1 June 2012

The Perfect Ten Who Have Shaped Elizabeth -
From her devoted nanny and favourite prime minister to her loving husband, these people have helped define the Queen's character

Sir Winston Churchill
The Queen's first prime minister (of 12) was sunk in gloom at the death of George VI and did not relish working with a girl he hardly knew.  But the old man was soon captivated by the new Queen's youth, beauty and precocious authority - and impressed by how much she know.
To her, he was Britain's wartime saviour and hero.  He was fun, the embodiment of everything that made Great Britain great; she was his old-age romance.

King George VI
Deeply shy and aghast to find himself King, George VI was torn between wanting to shelter his eldest daughter from the realities of what lay ahead and preparing her for the succession.  he tried to protect 'us four', the cosy family unit thrust into the public arena by an accident of history.  She adored him and he was her example, his diligence and commitment to duty providing her with a lifelong template of monarchy.  He introduced her, aged 16, to the recreational passion of her life by taking her to watch his racehorses in training.  His legacy provided one of the deepest diversionary satisfactions of her reign: an arena where she could be herself and excel as a professional among equals.

Martin Charteris
Lord Charteris of Amisfield was a one-off, a shrewd, high-spirited and innovative courtier who served the Queen as her private secretary for three decades, injecting humour into her speeches and a lightness of touch into the daily round.
He was with Elizabeth and Prince Philip in Kenya when the King died unexpectedly on 6 February 1952.  Her calm and composure were astonishing to him.  It fell to her to ask what name she wanted to use as Queen - 'My own  name, of course, Elizabeth' - and to brief her on details of the Accession on the long journey home.  He wanted people to see her as she really was, not strait-jacketed by formality.

Henry Carnarvon
The 7th Earl of Carnarvon was the Queen's racing manager, one of her oldest and most valued friends.  She called him by his schoolboy nickname 'Porchey' (after his courtesy title, Lord Porchester).  He took her to balls.  He was with the princesses when they joined the wild throng of V-E Day revellers outside Buckingham Palace.  He revived the Highclere Stud at the family seat near Newbury, where the Queen was a frequent guest.  The Queen's racing manager for over 32 years, she enjoyed a very special friendship with Henry Carnarvon, ranging over many interests.

John Warren
The first person without title or military rank to be the Queen's racing adviser and bloodstock manager.  Straight-talking son of a greengrocer and entirely self-made, he is now part of the racing aristocracy.  He is the Queen's eye and ears when she cannot be in the field and talks to her most days, but is the first to admit that he defers to her formidably knowledge of breeding and bloodlines.Warren is long-married to Lord Porchester's daughter, Carolyn.  They run the Highclere Stud with Carolyn's brother, Harry Herbert. 

When the Queen stays with the couple at their manor house on the Highclere estate, it means she can also catch up with the old friend, Jeanie, the American-born Dowager Countess of Carnarvon.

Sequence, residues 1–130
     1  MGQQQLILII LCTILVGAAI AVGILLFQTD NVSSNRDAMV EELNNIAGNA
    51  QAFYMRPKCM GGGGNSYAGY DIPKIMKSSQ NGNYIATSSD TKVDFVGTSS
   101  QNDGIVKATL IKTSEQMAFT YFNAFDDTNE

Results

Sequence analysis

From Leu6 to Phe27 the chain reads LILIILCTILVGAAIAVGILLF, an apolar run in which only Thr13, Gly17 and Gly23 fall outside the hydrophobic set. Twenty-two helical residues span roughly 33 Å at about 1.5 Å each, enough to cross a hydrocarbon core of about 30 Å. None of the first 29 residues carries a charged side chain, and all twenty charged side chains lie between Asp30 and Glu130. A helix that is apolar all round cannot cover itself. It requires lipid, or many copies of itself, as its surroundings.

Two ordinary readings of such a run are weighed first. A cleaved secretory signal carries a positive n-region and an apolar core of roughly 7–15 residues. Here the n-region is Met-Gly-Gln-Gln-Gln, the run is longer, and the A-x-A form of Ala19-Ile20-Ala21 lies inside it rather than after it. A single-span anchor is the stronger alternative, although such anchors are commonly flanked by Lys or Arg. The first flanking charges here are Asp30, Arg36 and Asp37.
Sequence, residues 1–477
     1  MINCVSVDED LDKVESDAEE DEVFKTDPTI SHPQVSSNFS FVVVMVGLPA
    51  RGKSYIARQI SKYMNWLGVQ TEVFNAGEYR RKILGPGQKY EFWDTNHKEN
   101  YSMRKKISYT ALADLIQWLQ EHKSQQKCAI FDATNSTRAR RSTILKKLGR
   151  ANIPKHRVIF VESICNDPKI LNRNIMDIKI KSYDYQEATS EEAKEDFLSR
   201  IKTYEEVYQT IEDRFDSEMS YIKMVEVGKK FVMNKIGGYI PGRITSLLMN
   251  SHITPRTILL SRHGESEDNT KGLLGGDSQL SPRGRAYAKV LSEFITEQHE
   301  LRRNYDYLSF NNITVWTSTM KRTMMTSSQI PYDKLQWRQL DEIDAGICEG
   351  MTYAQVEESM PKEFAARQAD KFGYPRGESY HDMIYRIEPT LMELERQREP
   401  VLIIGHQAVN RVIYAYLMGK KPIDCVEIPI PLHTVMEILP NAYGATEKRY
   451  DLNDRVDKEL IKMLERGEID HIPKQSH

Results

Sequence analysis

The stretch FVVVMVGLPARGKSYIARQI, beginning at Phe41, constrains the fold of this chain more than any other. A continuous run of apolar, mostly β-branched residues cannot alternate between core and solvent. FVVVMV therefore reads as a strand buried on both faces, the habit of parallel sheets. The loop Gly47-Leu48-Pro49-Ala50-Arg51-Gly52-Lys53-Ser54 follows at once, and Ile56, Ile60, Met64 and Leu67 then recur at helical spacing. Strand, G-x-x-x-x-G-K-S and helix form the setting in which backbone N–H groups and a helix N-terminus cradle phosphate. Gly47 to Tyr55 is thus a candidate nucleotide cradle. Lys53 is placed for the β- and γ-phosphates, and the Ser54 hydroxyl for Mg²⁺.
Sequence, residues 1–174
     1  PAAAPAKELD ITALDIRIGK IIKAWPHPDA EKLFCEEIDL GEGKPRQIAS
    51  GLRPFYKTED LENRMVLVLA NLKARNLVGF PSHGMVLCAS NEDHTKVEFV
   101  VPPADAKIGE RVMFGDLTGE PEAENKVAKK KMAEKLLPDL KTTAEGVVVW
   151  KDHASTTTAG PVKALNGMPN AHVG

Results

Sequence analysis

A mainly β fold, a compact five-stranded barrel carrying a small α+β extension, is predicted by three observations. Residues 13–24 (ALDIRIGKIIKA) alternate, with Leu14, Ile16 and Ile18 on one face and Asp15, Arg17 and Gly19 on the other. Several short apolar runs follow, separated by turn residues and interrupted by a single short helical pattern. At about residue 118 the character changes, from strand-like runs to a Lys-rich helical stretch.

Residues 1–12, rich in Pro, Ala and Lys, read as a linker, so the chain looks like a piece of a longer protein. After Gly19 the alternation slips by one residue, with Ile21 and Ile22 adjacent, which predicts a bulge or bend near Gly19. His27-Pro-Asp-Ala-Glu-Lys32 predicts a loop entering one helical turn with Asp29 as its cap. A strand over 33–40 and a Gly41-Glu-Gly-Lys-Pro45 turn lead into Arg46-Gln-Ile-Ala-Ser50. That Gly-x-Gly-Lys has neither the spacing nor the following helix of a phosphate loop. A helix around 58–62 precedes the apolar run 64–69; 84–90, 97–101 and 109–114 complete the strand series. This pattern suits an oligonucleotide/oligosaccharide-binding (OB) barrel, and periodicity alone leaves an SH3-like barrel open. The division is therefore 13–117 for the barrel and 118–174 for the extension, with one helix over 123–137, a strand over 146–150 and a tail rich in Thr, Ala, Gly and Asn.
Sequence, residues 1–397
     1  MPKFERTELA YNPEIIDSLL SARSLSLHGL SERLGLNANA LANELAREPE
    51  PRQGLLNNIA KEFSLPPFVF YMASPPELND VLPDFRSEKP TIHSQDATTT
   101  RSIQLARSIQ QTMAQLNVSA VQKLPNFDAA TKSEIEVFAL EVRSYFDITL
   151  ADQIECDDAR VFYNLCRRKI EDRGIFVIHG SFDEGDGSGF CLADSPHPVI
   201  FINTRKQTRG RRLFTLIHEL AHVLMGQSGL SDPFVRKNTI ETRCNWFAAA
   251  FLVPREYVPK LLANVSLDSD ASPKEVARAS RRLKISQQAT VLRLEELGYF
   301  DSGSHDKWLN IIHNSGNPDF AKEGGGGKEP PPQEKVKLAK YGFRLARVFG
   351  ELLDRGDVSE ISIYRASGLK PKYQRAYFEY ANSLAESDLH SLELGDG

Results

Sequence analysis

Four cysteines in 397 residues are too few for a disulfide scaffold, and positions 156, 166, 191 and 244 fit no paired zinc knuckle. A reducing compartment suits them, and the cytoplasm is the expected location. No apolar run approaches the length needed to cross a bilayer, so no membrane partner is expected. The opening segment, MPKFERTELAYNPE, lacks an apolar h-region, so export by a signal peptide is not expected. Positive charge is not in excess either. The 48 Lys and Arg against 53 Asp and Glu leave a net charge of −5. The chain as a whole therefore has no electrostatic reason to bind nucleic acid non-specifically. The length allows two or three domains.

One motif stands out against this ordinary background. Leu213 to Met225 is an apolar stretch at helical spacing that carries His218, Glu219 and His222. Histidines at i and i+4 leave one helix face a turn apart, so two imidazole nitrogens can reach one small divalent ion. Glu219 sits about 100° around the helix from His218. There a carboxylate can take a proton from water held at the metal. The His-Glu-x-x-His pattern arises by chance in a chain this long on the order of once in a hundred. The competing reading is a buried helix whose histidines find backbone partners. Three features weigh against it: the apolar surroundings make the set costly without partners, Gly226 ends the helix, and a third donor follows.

Marion (Crawfie) Crawford
Nursery maid and imaginative governess to the two princesses for 16 years, Crawfie was ultimately ostracised for her treachery in writing the first insider's account of royal service.  Before the betrayal, she had been a privotal and much-loved member of the household.  

Margaret 'Bobo' MacDonald

A sensible, forthright Scottish countrywoman who served her 'little lady' for 67 years, moving from nursery maid to dresser to lifelong confidante.  Throughout the princess's girlhood she shared a bedroom with her and was her closest link with the real world. To some, she seemed suffocatingly protective of her mistress, especially after the princess's marriage.  After her retirement, she retained her own suite at Buckingham Palace and when her health failed, the Queen hired nurses to look after her until she died, aged 89, in 1993.

Angela Kelly
A jolly and very conspicuous member of the royal entourage, known to insiders as the Queen's 'gatekeeper'. The successor to Bobo MacDonald is officially Personal Assistant Adviser and Curator (Jewellery, Insignias and Wardrobe), a much grander remit.  Both are grandmothers, both rigorous professionals, when they're alone, staff hear laughter echoing the corridor.  Kelly has brought inventiveness and interest to the royal wardrobe.  She travels with the Queen everywhere.

Patrick Plunket
A childhood friend who became one of the Queen's closest advisers.  Easy-going, hunorous, wise and only three years older than the Quee, the 7th Baron Plunket was sometimes called the brother she never had.  He was George VI's equerry and then the Queen's Master of the Household.  His sense of the absurd appealed to her, he loved parties and gave zest to any formal occasion.  

Duke of Edinburgh
The unsung hero of the reign.   Despite Philip Mountbatten's dashing image and fine war record, their union was controversial at the time and he put up with many slights during their early married life.  Established courtiers patronised him and he was deeply hurt not to be allowed to give his children his family name.  He had to abandon a flourishing naval career and become, essentially, an accessory.

(From an article in today's The Daily Telegraph by Elizabeth Grice)

No comments:

Post a Comment